Projectile Motion I - Weebly · PDF file Projectile Motion – Strategy Sheet Most, but...

Click here to load reader

  • date post

    29-May-2020
  • Category

    Documents

  • view

    32
  • download

    3

Embed Size (px)

Transcript of Projectile Motion I - Weebly · PDF file Projectile Motion – Strategy Sheet Most, but...

  • Projectile Motion I What is a projectile?

    A projectile is an object upon which the only force acting is gravity. There are a variety of examples of projectiles. An object dropped from rest is a projectile (provided that the influence of air resistance is negligible). An object that is thrown vertically upward is also a projectile (provided that the influence of air resistance is negligible). And an object which is thrown upward at an angle to the horizontal is a projectile, too (provided that the influence of air resistance is negligible).

    Projectile motion is an example of ________________________ • Motion in the x direction is _______________ of motion in the y direction

    • Motion in the y direction is _______________ of motion in the x direction

    2 dimensions means 2 separate problems! • A 1-dimensional motion problem in the x direction

    • A 1-dimensional motion problem in the y direction

    Fortunately, you already know how to solve 1-D problems!!!

  • Example: Projectile fired horizontally off a cliff

    Separate the 2-D problem into two 1-D problems:

    2 dimensions 2 separate problems 2 GUS tables:

    Motion in the x direction GUSx

    Motion in the y direction GUSy

    Gx Ux Sx Gy Uy Sy

    *Remember: down is negative

    Projectile motion

    GUSx Motion in the x direction

    ax = 0 vxf = vxi dx = vxit

    GUSy Motion in the y direction

    ay = g = -9.81 m/s2

    vyf = vyi+gt = -9.81t

    dy = vyit+½gt2 = -4.9t2

  • Illustration: vx and vy at 1-second intervals

    The important concept depicted in the above vector diagram is that the horizontal velocity remains constant during the course of the trajectory and the vertical velocity changes by -9.8 m/s every second. These same two concepts could be depicted by a table illustrating how the x- and y-component of the velocity vary with time.

    Time Horizontal velocity, vx Vertical velocity, vy 0 s 20 m/s 0 m/s 1 s 20 m/s -9.8m/s 2 s 20 m/s -19.6 m/s 3 s 20 m/s -29.4 m/s 4 s 20 m/s -39.2 m/s 5 s 20 m/s -49.0 m/s

    The information in the diagram and the table above illustrate identical points - a projectile has a vertical acceleration of -9.8 m/s2, and zero horizontal acceleration. The vertical velocity changes by 9.8 m/s each second and the horizontal velocity never changes. This is because there is a vertical force (gravity) acting on the projectile but no horizontal force.

  • Practice Problem 1: A ball is thrown horizontally off an 80m high cliff with an initial velocity of 30 m/s. How long does it take the ball to reach the bottom?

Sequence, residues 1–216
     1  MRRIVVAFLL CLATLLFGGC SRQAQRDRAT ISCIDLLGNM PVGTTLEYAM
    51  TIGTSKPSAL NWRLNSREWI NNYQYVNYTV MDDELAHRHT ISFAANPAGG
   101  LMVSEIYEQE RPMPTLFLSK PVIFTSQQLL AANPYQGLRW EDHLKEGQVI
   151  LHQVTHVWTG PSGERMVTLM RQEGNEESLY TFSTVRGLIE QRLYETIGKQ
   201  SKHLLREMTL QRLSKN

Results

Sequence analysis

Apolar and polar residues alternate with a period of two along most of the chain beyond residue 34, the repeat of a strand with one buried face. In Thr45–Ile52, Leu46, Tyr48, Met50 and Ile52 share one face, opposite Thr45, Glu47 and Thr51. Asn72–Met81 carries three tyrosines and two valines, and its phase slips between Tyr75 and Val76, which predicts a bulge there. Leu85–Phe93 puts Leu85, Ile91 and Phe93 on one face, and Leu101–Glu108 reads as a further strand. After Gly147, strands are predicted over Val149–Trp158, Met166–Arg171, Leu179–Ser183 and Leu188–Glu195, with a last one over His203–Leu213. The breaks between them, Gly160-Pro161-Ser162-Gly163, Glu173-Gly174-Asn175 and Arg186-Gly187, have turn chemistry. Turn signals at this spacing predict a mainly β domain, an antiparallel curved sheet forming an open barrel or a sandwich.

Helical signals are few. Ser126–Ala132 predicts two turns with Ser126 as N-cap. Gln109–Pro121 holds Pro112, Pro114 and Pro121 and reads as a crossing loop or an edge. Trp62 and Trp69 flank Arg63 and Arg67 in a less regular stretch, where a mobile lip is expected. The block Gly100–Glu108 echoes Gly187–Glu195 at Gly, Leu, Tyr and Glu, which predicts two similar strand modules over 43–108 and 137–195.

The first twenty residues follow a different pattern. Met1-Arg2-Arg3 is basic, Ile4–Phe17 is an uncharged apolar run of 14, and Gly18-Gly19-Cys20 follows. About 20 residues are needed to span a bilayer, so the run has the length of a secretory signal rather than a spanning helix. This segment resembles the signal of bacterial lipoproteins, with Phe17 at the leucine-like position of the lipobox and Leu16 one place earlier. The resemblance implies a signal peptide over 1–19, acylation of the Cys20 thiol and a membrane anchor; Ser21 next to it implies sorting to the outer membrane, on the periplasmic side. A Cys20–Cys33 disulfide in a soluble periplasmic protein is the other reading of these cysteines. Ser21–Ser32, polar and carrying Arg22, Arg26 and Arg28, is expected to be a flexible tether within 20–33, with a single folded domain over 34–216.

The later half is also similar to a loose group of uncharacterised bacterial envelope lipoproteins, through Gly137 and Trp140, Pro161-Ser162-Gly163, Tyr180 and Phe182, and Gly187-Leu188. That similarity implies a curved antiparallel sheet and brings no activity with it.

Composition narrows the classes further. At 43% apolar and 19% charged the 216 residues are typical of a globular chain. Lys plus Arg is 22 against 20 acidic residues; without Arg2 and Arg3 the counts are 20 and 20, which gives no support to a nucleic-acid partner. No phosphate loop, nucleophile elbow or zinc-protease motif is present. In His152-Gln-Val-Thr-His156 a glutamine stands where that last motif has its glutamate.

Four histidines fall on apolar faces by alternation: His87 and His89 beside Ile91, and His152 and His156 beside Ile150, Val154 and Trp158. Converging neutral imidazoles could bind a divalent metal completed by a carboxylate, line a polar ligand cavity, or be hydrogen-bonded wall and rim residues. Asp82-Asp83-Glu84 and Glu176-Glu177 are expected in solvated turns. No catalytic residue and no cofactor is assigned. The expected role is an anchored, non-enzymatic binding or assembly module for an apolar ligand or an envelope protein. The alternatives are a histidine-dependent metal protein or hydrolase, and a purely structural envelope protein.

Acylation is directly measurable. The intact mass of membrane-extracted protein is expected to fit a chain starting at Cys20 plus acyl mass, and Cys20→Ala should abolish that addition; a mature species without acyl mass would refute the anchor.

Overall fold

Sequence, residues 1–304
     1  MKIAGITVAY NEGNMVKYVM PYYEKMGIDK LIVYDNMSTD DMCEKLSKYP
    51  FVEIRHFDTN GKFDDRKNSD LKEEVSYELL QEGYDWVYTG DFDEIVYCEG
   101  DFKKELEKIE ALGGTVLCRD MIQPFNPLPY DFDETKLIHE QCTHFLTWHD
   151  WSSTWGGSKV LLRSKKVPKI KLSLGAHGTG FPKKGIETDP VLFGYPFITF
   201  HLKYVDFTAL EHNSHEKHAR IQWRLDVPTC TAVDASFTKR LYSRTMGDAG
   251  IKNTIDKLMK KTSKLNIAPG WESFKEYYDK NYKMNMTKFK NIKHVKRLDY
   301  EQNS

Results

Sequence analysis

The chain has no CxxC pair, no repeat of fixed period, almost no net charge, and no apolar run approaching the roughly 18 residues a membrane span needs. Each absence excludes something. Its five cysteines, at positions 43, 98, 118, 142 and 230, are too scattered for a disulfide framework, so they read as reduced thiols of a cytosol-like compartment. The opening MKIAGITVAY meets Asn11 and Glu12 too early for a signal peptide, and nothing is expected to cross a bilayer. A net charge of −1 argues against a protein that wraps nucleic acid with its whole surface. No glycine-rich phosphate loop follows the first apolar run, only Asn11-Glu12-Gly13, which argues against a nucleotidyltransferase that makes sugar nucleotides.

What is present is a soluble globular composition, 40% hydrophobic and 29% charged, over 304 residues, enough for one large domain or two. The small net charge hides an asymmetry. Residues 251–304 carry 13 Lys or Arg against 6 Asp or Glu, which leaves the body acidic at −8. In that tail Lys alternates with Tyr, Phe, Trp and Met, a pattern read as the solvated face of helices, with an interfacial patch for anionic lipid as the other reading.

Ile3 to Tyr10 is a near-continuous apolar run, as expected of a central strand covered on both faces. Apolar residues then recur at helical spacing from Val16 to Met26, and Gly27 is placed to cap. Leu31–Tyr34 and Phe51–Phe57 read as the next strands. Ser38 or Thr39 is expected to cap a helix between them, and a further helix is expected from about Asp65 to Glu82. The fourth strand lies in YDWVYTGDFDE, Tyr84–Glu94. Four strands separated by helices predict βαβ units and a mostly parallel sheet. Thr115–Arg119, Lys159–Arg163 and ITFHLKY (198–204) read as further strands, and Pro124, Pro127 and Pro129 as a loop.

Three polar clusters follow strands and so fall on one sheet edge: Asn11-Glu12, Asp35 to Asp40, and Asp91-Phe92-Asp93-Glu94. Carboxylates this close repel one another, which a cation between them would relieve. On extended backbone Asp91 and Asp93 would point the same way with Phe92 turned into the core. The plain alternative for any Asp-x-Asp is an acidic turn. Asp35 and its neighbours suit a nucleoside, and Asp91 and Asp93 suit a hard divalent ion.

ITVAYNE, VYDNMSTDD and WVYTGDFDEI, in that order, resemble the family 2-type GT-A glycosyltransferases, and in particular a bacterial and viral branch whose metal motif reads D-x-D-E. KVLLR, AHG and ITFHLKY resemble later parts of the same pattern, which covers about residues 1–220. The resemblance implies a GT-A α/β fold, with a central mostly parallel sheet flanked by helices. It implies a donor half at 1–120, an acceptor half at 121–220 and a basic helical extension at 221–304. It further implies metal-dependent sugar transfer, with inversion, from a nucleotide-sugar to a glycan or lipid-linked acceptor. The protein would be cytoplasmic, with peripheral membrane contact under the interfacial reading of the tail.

Step 1: Always draw a picture of the situation

    Step 2: Always use separate GUSx and GUSy tables!!!

    Motion in the x direction GUSx

    Motion in the y direction GUSy

    Gx Ux Sx Gy Uy Sy

    Answer: __________________________

  • Practice Problem 2: A ball is thrown horizontally off a 100 m high cliff with an initial velocity of 25.0 m/s. How far from the base of the cliff does it land?

    Step 1: Always draw a picture of the situation

    Step 2: Always use separate GUSx and GUSy tables!!!

    Motion in the x direction GUSx

    Motion in the y direction GUSy

    Gx Ux Sx Gy Uy Sy

    Answer: __________________________

  • Projectile Motion – Strategy Sheet

    Most, but not all, projectile motion problems can be solved using the following projectile motion problem-solving strategy:

    1. Draw a picture of the situation.

    2. Capture the givens and the unknowns in separate GUSx and GUSy tables.

    3. Start with the GUS table that contains the unknown from the problem statement. There’s a good chance that you’ll get stuck because you don’t know the time, t.

    4. Make the time, t, the unknown in the other GUS table and solve for t.

    5. Use the value of t you just found in the first GUS table to solve for the unknown in the problem statement.

    Motion in the x direction

    GUSx Motion in the y direction

    GUSy

    Gx Ux Sx Gy Uy Sy

     

  • Projectile Motion Vocabulary

    Projectile

    Horizontal Velocity

    Vertical Velocity

    Horizontal Component

    Vertical Component

    Dimension

    1-D

    2-D

    Independent

    Resolve a Vector

    Time of Flight

    Trajectory

    Artillery

    Range

    Parabola

    Air Resistance

    Muzzle Speed

  • Projectile Motion Problems – vi horizontal

    1. A cannon fires a shell horizontally at 650 m/s from the deck of a battleship. If the deck is 30 m above sea level, how far does the shell travel before it hits the water?

    2. A boy throws a ball horizontally off of a 22 m high vertical cliff. The ball lands at a distance of 18 m from the base of the cliff. What was the initial velocity of the ball as it left the boy’s hand?

  • 3. In problem 2 above, how long does it take the ball to hit the ground?

    4. What takes longer to hit the ground, a projectile that is dropped off a cliff with an initial velocity of zero, or a projectile that is fired horizontally from a cliff with an initial velocity of 100 m/s? Show all work.

  • 5. Rageaholic Ruthie throws a rotten egg at her noisy neighbor across the alley. Both Ruthie and the noisy neighbor live on the same floor of their respective buildings. The alley is 8 m wide and Ruthie throws the egg horizontally with a velocity of 12 m/s. Does the rotten egg hit the neighbor’s window? If not, where on the neighbor’s building does it hit?

    6. In problem 8 above, what is the horizontal velocity of the egg when it hits the building? What is the vertical velocity? [Extra credit: What is the total velocity (magnitude and direction)?]